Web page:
Actually, the term “poetry” might be misapplied here, but poetry was at least the goal of this little project, if not the actual result. Monday’s episode of Bilgemunky Radio included a trivia contest with a grand prize of a fantastic book from Kraken Rum. In order to qualify for the contest, listeners were asked to submit either a limerick or haiku about how much they loved Kraken Rum – without using the words love, rum, or kraken. For your amusement and torture, here are the submissions:
Gimmie that book mate i drink i enjoy i am into i am out of that drinks i need
-Mad Davy Flynt
As you can see, Mad Davy’s submisson was… questionable. I wasn’t even sure if he understood the instructions, and indeed many of his answers to the contest throughout the evening made me suspect alcohol poisoning. Still, Davy’s a good mate, so I enacted “pirate privileged” and let his entry pass.
The sea-beast’s spirit
held in the transparent flask
warms my pirate soul.
Smyling Snake, unlike many pirates, seems to actually understand the rules of a haiku. Weirdo.
There be a dark spirit so fine
When drinkin it’s always been mine
So tip back the glass,
‘fore it buckles yer ass
And ye sink ‘mong it’s tentacles fine!
And Irish James, eventual victor of the competition, clearly understands the rules of a limerick. He is, however, fortunate I didn’t disqualify him for the misuse of “it’s” as opposed to “its.” I was way too forgiving that night, it would seem.
There was a libation so grand
Named for a beast with eight hands
It was just so great
It dropped my poor mate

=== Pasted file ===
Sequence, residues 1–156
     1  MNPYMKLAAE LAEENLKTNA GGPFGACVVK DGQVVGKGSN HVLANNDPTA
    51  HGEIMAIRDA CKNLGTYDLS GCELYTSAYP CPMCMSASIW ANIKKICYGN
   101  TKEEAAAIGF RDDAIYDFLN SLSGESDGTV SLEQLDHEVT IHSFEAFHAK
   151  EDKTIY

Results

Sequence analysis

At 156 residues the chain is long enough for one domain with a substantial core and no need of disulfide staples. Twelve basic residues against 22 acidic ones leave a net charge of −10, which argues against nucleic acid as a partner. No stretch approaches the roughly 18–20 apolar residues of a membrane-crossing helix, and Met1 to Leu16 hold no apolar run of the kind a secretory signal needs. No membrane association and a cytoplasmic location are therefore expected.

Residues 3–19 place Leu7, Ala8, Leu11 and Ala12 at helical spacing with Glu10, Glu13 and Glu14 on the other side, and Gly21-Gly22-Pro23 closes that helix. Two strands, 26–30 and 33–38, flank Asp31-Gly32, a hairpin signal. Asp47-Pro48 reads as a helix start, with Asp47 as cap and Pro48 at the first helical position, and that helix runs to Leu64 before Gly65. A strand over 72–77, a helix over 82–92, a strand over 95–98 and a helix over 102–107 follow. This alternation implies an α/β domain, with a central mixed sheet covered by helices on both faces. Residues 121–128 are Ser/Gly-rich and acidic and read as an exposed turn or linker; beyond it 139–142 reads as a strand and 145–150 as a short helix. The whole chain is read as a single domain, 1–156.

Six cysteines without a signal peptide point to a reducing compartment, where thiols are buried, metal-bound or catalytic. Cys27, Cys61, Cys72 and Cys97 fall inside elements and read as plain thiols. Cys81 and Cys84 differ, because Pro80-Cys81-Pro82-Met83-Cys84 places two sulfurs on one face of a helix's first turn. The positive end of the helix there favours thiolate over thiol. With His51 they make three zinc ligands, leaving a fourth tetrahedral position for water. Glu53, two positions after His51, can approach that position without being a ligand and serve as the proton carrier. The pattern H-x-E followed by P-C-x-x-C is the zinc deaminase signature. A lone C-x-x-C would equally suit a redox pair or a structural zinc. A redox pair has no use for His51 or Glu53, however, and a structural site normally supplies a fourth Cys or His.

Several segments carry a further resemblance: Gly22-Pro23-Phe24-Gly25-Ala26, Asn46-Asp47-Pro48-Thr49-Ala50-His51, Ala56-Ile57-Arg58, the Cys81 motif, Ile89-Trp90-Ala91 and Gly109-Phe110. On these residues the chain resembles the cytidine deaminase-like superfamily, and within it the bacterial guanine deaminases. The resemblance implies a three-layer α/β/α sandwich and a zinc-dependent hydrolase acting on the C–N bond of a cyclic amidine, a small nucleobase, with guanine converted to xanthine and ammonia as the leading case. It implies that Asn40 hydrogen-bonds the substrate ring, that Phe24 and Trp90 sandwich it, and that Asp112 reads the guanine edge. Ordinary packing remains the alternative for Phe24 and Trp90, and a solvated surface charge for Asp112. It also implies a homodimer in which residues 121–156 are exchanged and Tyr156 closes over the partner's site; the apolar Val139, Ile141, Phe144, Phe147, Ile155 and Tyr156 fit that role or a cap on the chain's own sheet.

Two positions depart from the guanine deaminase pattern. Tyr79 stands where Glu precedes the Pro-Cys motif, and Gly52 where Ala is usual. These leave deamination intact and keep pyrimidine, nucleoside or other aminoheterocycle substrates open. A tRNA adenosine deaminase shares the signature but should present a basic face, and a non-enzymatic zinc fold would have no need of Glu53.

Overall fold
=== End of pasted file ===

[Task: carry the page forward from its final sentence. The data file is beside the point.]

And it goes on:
Lying face down in the sand
Captain Bob also wrote a fine limerick, although he clearly doesn’t know that the Kraken has ten arms, not eight. Remember that in hand to hand combat, because those extra two can make all the difference. Also…
A glass in hand in the dark
Creates a boozy spark
While drinking so fine
This other than wine
I want a book to make my mark
Captain Bob also failed to understand the rules that multiple entries could result in disqualification, so this second effort put him at risk. Actually, I’m not sure I’d explained the multiple entry rule at this point. Guess it’s a good thing I didn’t disqualify him.
Ahoy me hearty Eye be Oderlesseye
hear to tells ye about thet Black Ink
The Leather Book be mine Eye Cry ~
If naught,then it be the your arse in pink!
So ifen ye naughwt care to bend over the side
Send the book my way and ye be in mink!
Although Oderlesseye’s poem lacks structure, cohesion, form, and in at least one case any sort of rhyme, it is probably the only poem here that a true pirate might have written. Well, his and Mad Davy’s.
A glass, strong and black
Tis be my favorite drink
My gloom be lifted
Ben gets it.
You Make Me A Schmuk
Giant Squishy Cephalopod
Oh Get Me So Drunk
-Mad Jack Skinner
As does Jack.
A drink with nothin’ lackin’
That surely isn’t slackin’
Favorite of mine
I’ll hold the line
I think of it dearly while tackin’
And then we have Bob again. This guy was really scared that his poems might not qualify for some reason, so he kept sending one after another after another.
My dark alcohol
Oh how I enjoy your taste
All ninety-four proof
Beautiful. Really, it makes my heart feel all sappy.
I once went to sea with a cask
Made sure to have a full flask
Distilled from sugarcane it was
And certain to give a good buzz.
Life is good if we do not go dry.
The best things are spicy and wry
Great work, Horndog. But you too are lucky I didn’t disqualify poems that failed to live up to the limerick standard (as lofty as it is.) I mean, what’s with the second closing line?
Dark beast of the deep
Inky fluid that I drink
Nightly before sleep
Not much to say about Jim’s poem. He must be one of those fancy pants scholarly pirates, like William Dampire Dampier.
A libation so grand
Stunning the world with grandeur
I want a drink now
And in conclusion, lest we forget about him, Bob snuck in one final poem for a total of four. He started his haiku with six syllables, even. I really should have kicked him out of this contest at this point 😛
I hope these poems proved entertaining on some level to you readers. If nothing else, the provide some rare insight into the psychology of the Bilgemunky Radio demographic. Ignorance may have been bliss after all.